Rissman Trial Results

  • Howe. v. Rental Car Company
    Congratulations Howard Citron and Jesse Shurman for obtaining a defense verdict for one of the firm’s rental car company clients. Plaintiff alleged that the company charged him for pre-existing and fraudulently manufactured damages to a vehicle that he rented. His complaint included counts for fraud, civil theft and breach of the covenants of good faith and fair dealing. Plaintiff asserted that damage was pre-existing and/or ordinary wear and tear and that the company chose to pursue him despite knowledge of same. Plaintiff further alleged that a branch manager assured him that the company would not pursue when he returned the vehicle. Ultimately, the company sent plaintiff notice of the debt and then chose to forgive it in the interest of customer satisfaction. Plaintiff’s pre-trial demand was $1,000,000 for damages related to attempting to collect a “bad debt” and travel expenses for visits with the Attorney General’s Office and members of Congress which were made in an effort to promote legislation meant to regulate and reform practices in the rental car industry. The court entered a verdict for the company and reserved jurisdiction on its motion to seek attorney’s fees and costs as authorized to the prevailing party by Florida’s civil theft statute.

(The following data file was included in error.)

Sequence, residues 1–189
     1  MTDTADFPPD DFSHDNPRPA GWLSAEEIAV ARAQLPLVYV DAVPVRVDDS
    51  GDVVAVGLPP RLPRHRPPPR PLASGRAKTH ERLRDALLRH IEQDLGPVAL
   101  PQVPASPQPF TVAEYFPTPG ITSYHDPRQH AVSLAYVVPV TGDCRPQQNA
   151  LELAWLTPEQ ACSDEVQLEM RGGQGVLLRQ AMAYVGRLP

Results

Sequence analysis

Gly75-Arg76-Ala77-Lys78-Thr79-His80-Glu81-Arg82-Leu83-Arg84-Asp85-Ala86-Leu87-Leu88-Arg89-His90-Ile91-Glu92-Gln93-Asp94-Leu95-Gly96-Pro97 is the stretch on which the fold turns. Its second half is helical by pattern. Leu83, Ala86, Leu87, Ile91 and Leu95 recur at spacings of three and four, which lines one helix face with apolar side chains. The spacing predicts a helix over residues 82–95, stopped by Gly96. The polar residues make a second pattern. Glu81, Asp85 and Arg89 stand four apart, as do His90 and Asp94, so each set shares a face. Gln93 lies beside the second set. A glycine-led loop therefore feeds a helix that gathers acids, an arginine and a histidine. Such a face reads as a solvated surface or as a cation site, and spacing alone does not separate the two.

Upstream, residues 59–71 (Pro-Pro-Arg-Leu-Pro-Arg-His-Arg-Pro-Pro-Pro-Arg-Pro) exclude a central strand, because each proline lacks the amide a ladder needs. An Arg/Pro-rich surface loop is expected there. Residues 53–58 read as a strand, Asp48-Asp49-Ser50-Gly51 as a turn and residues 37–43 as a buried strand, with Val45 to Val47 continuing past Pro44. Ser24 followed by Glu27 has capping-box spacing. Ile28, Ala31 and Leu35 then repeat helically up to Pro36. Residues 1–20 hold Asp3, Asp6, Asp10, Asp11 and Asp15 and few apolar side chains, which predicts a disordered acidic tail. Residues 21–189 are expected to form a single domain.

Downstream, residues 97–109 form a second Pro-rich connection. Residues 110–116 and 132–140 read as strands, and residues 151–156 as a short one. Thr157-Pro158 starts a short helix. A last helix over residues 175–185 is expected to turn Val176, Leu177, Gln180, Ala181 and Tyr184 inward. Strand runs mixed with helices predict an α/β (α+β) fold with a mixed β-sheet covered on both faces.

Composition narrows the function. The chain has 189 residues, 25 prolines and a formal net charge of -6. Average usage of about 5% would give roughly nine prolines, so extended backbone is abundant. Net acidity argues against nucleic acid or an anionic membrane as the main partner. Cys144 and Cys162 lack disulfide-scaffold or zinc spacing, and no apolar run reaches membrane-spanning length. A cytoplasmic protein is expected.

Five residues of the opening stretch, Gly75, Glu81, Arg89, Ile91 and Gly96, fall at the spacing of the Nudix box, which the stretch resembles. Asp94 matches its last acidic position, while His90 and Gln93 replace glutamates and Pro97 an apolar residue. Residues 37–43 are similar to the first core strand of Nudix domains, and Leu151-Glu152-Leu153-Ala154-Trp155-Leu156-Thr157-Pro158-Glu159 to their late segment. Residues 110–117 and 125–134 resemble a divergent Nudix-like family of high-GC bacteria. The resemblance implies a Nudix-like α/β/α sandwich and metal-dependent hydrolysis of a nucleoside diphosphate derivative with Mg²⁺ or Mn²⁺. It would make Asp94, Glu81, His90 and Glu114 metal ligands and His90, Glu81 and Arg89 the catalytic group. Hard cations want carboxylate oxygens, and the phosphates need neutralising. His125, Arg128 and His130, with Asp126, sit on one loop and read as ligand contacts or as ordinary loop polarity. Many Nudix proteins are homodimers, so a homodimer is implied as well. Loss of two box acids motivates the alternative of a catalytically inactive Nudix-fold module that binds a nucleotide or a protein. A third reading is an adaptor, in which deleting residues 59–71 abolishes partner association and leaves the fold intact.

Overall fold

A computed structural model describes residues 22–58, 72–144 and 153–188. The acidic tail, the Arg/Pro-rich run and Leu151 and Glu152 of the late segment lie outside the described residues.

Verdict Date: August 22, 2018
  • Callaghan v. Vasquez
    Congratulations Dean Hewitt, Juan Ruiz and Aaron Eagan for obtaining a final summary judgment in favor of Fernando Vasquez on behalf of State Farm. This case arose out of a vehicle versus pedestrian accident. The accident occurred at dusk as plaintiff, Michael Callaghan, was attempting to cross eight lanes of travel on foot as defendant, Fernando Vasquez, proceeded through the intersection under a permissive green light. Mr. Callaghan was crossing in the dark without any lights or reflective devices and was not using a crosswalk. In the motion for summary judgment, the defense argued that a motorist is not an insurer of the safety of a pedestrian who thrusts himself into a vehicle’s pathway and that an oncoming motorist who is exercising due care has no reason to suspect that a pedestrian will project himself into the line of traffic. Plaintiff failed to demonstrate that Mr. Vasquez was acting unreasonably or driving his vehicle in a negligent manner at the time of the impact. Accordingly, the court granted the summary judgment.
    Verdict Date: August 09, 2018